Reducing carbon with IT

Green IT ambitions equals improved employee productivity and cost savings.


As we look back on 2007, two of the major trends of the year have been the rise of ‘Green Computing’ and the quest for compliance with new legislation. These two, sometimes conflicting needs, have turned 2007 into something of an ‘Annus Horribilis’ for the average IT Director, imposing additional requirements on their already severely over-stretched IT budgets and creating yet more pressure on resources.

As we read with horror Gartner’s estimate that technology accounts for 2% of all carbon emissions, placing it on a par with the aviation sector, many IT professionals have had their social consciences severely pricked and have resolved in 2008 to reduce their company’s CO2 emissions. Forrester informed us recently that 85% of IT professionals believe environmental factors to be important in planning IT operations, but only a quarter have written green criteria into their company’s purchasing processes.

However, fate and compliance has conspired against these good intentions, by forcing companies to store even more data for even greater periods of time, adding to the IT managers burden of increasing storage and enforcing stringent data privacy requirements to maintain both data integrity and privacy. These trends have encouraged organisations to concentrate their servers into data centres on the basis that it’s easier to manage and control centralised data and it also has the knock on benefit of reducing energy usage.

Mobilising the workforce

These fundamental changes to the structure of IT operations, combined with the increasing mobilisation of the workforce and use of remote workers and teleworkers has created a new dilemma for the network manager, who is hearing complaints from remote workers about the poor speed of application delivery over the wide area network (WAN). The fact is that many of these applications were never designed for this environment, resulting in delays at best, and in some cases applications not working at all, causing frustration and lost user productivity leading to frantic calls for help to the support team.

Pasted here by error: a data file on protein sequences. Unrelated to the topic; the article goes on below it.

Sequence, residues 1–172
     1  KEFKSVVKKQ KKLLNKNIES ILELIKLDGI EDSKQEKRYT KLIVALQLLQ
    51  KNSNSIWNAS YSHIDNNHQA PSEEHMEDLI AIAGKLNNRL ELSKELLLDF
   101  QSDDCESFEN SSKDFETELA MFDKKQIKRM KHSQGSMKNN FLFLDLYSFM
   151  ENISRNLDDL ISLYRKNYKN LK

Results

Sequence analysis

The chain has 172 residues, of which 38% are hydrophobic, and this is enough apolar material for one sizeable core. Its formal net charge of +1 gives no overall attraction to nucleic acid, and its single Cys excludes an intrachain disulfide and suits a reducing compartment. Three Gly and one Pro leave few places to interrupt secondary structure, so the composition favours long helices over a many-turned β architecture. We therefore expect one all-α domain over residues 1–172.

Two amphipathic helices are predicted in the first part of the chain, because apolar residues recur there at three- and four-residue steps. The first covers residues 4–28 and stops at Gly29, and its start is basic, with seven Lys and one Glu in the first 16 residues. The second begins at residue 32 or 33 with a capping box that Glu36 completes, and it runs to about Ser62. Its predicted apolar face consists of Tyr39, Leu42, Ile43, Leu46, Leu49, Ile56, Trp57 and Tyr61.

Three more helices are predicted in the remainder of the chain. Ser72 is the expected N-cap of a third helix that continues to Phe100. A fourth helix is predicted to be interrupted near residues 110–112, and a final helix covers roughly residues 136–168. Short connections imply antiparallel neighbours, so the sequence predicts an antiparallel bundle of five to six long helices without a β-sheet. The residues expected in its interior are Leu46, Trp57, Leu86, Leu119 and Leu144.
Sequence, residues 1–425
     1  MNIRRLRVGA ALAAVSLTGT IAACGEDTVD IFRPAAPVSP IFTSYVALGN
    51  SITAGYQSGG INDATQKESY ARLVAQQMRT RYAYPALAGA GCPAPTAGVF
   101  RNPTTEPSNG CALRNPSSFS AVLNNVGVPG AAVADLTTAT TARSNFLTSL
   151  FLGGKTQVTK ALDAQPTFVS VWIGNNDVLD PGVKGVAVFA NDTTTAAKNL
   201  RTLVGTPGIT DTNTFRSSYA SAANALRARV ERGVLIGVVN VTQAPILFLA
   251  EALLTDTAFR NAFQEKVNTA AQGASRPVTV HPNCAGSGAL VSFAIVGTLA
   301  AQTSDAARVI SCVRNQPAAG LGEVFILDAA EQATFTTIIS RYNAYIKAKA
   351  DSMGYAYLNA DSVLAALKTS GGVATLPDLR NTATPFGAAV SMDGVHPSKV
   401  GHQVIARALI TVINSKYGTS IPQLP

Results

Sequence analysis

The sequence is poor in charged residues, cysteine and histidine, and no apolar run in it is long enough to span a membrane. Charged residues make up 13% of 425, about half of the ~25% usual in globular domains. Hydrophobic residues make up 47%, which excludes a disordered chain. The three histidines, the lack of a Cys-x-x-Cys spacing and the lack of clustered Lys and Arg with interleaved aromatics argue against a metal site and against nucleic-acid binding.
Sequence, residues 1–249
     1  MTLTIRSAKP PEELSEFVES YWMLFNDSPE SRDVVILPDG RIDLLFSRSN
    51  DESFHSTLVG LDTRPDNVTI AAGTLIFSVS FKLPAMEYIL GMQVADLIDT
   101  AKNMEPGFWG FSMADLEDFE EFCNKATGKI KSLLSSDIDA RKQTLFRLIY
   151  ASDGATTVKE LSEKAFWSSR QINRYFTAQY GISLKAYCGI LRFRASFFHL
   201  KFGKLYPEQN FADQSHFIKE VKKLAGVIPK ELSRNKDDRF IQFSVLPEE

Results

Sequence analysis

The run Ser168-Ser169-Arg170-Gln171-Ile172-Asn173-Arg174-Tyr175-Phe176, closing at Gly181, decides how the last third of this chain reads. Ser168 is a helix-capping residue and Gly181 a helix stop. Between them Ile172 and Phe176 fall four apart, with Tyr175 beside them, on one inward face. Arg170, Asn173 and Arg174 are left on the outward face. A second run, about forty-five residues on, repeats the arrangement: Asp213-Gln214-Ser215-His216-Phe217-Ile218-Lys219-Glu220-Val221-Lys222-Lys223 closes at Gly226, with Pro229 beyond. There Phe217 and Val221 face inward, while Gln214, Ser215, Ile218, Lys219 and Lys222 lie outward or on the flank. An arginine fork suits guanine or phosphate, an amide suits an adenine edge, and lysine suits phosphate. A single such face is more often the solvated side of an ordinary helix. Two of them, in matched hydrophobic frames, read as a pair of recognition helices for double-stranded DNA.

The expanding distance between workers and applications, whether they are housed in head office data centres or even hosted by third parties, has led to remote workers suffering from inferior application performance, a problem that cannot be solved simply by throwing extra bandwidth at the problem. The answer to the problem has emerged in the guise of WAN application acceleration solutions.

Speed isn’t everything

Yet speeding up all traffic isn’t necessarily the smartest move. Stripping malware out of that traffic and prioritising certain types of traffic based on the nature of the application and the sender and recipient is equally important. There is also an array of different acceleration techniques that work better for different types of protocols. Applying the wrong technique to the wrong application could nullify the benefits of acceleration entirely. Equally, since approximately 30% of network bandwidth is consumed by unauthorised applications such as web surfing, P2P, Skype, spware, it makes perfect sense to ensure that you are only accelerating what’s genuinely important to your business.

Collaborative applications reduce travel

Yet returning once again to the green theme, IT can have a positive impact on carbon consumption. The advent of collaborative applications such as video-conferencing, email, VoIP and business processes driven by IT, can reduce our need to travel to meetings as well as reduce costs. For multinational organisations the costs of reducing travel budgets can provide hard saving and evident environmental benefits.

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